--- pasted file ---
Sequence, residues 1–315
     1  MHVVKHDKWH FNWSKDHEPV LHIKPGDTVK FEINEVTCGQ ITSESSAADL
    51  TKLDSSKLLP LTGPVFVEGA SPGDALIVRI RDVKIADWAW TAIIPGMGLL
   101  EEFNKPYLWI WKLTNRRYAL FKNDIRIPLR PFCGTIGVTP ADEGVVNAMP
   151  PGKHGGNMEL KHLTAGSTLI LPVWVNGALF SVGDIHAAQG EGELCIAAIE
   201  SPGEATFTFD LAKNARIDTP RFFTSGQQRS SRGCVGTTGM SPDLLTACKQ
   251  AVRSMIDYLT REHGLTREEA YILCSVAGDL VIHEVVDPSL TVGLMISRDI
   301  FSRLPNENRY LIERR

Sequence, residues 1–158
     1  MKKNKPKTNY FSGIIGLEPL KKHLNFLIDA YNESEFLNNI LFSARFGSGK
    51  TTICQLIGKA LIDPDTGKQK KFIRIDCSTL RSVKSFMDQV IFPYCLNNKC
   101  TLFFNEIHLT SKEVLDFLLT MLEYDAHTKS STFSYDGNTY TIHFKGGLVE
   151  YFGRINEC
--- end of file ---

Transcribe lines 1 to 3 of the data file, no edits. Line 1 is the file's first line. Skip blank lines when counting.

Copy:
Sequence, residues 1–315
     1  MHVVKHDKWH FNWSKDHEPV LHIKPGDTVK FEINEVTCGQ ITSESSAADL
    51  TKLDSSKLLP LTGPVFVEGA SPGDALIVRI RDVKIADWAW TAIIPGMGLL